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Popular Immigration Law Questions and Answers

Greenfields Solicitors are a firm of specialist immigration and human rights  solicitors with an excellent success record for clients who have used our legal services to help them obtain lawful status in the UK. Below are some of the common questions we encounter on a daily basis and  the type of cases we have successfully represented clients in. The Immigration rules are vast and complex and constantly evolving; it is therefore vital that an Applicant obtain professional legal advice  before making any application to the Home Office to provide them with the highest chance of success.
 
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Q) I am a Ghanaian man and I have overstayed my visa. I have a baby with a woman who holds ILR, but we are no longer together. I pay for my child's baby’s upkeep and want to be a part of my child's life, can I get a visa to stay here?
 
A) The immigration rules do allow a person to make an application for regularisation of legal status where they have a child who has lawful residence in the UK and where the parent is involved in the child’s life and intends to have a parental relationship with that child. Your child may be eligible to obtain British nationality if the mother holds Indefinite Leave to Remain status and if your child obtains British nationality, this can help strengthen your application for residency considerably. It may be possible to request for Discretionary Leave to Remain for an initial period of 2.5 years and this is extendable every 2.5 years up to a period of 10 years, where thereafter you can apply for Indefinite Leave to Remain. The Home Office will require to you to provide evidence of your involvement with the child such as  proof you spend time with the child, photographs, any financial contributions made to the child, a letter of support from the mother of the child (if this is possible). 
 
Q) I came to the UK 11 years ago, and I have a child who will be 7 in a few months. I am a single mother, can I get legal status for me and my child because I heard when a child is 7, it’s possible?
 
A) The immigration law states: Where a child is under the age of 18 years and has lived continuously in the UK for at least 7 years and it would not be reasonable to expect the Applicant to leave the UK", then an Applicant can be granted Discretionary Leave to Remain of 2.5 years. It is important to show that the child cannot reasonably be expected to leave abroad with the Applicant in a foreign country which may be quite achievable if the child has ties in the UK such as their father, mother, siblings, school, friends, extended family members etc...The Home Office can decide whether to grant the Applicant and the child lawful status by way a grant of 2.5 years Discretionary Leave to Remain.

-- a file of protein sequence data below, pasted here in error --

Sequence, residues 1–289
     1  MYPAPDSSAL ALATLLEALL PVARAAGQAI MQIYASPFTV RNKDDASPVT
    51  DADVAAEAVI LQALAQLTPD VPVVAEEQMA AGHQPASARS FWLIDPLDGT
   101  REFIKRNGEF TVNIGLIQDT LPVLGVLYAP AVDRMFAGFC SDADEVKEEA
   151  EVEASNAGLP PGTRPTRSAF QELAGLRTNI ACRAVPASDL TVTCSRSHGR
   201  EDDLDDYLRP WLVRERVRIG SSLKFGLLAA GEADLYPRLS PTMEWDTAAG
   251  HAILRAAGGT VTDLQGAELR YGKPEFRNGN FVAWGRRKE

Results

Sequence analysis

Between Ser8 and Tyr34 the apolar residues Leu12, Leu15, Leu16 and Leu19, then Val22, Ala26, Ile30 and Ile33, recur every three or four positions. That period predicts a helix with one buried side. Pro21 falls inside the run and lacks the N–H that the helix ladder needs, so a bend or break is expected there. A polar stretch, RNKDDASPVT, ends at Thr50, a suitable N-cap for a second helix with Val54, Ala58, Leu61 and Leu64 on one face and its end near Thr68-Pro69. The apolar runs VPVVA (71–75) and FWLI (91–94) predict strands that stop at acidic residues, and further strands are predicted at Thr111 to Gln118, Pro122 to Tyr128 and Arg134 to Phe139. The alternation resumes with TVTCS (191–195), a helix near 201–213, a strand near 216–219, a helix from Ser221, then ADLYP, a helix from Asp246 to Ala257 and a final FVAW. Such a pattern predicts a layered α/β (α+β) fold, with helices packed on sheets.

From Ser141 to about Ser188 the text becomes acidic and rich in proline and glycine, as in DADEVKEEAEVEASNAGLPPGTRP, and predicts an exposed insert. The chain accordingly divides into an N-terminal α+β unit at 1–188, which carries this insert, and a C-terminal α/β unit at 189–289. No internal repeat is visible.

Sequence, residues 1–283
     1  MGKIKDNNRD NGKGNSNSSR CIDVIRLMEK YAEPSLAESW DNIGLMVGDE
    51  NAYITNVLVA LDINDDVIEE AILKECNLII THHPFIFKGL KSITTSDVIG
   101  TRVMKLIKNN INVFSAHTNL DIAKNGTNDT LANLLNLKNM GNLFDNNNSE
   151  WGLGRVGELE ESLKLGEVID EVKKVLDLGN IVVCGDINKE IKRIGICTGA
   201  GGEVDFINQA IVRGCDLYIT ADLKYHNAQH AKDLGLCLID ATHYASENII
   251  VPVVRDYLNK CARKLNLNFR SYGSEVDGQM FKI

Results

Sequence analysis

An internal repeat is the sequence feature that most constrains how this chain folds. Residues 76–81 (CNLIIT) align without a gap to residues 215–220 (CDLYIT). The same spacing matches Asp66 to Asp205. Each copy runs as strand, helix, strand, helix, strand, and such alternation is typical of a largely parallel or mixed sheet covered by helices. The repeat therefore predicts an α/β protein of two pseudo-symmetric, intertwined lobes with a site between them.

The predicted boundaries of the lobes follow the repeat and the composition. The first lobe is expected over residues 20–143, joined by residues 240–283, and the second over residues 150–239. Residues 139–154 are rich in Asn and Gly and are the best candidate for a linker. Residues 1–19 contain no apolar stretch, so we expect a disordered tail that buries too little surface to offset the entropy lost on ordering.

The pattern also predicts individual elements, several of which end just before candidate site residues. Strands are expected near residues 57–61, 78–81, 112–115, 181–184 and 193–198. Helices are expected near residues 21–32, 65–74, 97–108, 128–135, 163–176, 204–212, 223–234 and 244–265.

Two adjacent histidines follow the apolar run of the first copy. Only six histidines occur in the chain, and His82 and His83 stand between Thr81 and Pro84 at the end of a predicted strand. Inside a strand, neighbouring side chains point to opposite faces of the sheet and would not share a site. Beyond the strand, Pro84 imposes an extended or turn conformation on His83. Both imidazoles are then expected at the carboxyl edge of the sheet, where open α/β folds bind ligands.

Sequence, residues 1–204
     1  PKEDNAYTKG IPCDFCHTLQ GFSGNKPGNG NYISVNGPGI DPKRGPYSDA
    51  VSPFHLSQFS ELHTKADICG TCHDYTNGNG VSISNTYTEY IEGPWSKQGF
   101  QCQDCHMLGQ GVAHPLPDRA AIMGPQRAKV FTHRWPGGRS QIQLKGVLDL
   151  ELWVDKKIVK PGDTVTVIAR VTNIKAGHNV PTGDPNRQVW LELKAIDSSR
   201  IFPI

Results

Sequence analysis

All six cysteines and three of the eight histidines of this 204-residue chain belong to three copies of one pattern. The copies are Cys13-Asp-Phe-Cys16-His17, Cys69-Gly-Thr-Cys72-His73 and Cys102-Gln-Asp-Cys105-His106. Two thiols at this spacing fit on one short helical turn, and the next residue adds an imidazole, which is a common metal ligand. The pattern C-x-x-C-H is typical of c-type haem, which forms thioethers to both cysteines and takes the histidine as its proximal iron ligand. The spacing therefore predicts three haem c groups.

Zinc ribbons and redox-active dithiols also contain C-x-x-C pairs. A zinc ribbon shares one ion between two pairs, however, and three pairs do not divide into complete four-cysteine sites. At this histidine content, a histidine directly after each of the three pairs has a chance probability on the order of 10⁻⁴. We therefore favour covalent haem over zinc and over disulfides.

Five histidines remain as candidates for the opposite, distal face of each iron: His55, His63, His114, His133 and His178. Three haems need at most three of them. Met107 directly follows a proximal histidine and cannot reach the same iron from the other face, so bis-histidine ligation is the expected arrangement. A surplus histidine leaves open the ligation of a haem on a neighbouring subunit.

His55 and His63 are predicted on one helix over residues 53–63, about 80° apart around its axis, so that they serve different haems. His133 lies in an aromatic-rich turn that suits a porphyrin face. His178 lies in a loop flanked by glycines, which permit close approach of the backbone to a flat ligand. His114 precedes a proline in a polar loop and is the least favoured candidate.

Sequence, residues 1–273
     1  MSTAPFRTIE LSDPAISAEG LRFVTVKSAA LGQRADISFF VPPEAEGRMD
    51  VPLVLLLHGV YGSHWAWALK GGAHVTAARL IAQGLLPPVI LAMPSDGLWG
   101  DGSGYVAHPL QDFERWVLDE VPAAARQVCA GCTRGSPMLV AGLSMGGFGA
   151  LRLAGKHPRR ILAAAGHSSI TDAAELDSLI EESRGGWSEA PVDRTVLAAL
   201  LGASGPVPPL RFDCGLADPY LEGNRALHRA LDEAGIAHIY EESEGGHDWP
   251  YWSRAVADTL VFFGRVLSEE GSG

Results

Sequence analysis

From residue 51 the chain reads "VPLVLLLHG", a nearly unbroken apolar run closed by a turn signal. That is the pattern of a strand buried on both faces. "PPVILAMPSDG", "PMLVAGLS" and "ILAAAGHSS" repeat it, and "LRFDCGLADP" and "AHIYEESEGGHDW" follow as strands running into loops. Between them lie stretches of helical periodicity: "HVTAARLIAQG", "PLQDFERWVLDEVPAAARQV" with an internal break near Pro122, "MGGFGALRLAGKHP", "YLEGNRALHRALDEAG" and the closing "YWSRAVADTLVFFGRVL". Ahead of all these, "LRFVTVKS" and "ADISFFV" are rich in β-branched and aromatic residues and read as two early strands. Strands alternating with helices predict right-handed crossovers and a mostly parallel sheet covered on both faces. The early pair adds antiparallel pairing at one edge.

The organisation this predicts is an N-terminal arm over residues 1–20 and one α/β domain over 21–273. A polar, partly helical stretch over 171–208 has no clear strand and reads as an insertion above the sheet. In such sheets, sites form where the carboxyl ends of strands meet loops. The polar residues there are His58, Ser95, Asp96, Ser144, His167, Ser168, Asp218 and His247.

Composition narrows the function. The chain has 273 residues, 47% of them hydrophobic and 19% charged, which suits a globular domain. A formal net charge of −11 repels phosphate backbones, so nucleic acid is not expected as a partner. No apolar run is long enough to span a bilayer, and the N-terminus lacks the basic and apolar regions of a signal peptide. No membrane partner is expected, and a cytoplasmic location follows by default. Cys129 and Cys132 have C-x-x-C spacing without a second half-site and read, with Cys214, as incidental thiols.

Q) I’m on Tier 4 visa and it’s about to expire. I can’t afford the tuition fees to get a CAS letter, but I don’t want to go back because I have family in the UK. 
 
A) It depends on what kind of family ties you have in the UK. If you are living with family members and are emotionally and financially dependent upon them, then it may be possible for you to apply for a variation of legal status requesting that you be granted leave to remain in the UK as your family ties are in the UK and that you have no ties to return to in your home country. A case which highlights compassionate, compelling and exceptional facts will need to be made to the Home Office. The Immigration rules state that where an Applicant is aged 18 years or above, has lived continuously in the UK for less than 20 years (discounting any period of imprisonment) but there would be very significant obstacles to the Applicant’s integration into the country to which he would have to go if required to leave the UK", then they may make an application requesting that they be granted discretionary leave to remain in the UK. 
 
Q) I am an overstayer and have been living with my British partner for the past year. My partner is English and I am Cuban. My partner wants me to live in the UK and we want to get married? 
 
A) Within the Immigration rules, there is a law which states: Leave to remain as a partner can be granted "where the Applicant has a genuine and subsisting relationship with a partner who is in the UK and is a British Citizen, settled in the UK or in the UK with refugee leave or humanitarian protection, and there are insurmountable obstacles to family life with that partner continuing outside the UK". “Insurmountable obstacles” means the very significant difficulties which would be faced by the Applicant or their partner in continuing their family life together outside the UK and which could not be overcome or would entail very serious hardship for the Applicant or their partner. You should therefore seek definitive legal advice as soon as possible to ensure that you obtain advice on whether you meet this requirement before making an Immigration application. 
 
Greenfields Solicitors are experts in all types of Immigration and Human Rights matters. This area of law is complex and constantly changing which means that you have to be sure you have up to date and accurate legal advice. Get advice and representation at an early stage to help give your application the best chance of success.
 
 
By Raheela Hussain
 
Principal Solicitor
 
Greenfields Solicitors
6 Market Parade
Winchester Road
London N9 9HF
 
Tel: 020 8884 1166
 
www.greenfieldssolicitors.com
 
*Please note that the above article is an informative article only and does not in any way constitute legal advice.
 
For advice regarding your case, please call Greenfields Solicitors on 020 8884 1166 to book a consultation. Ms Hussain offers both telephone and in-office consultations for a fee of just £49.00 for 40 minutes advice.

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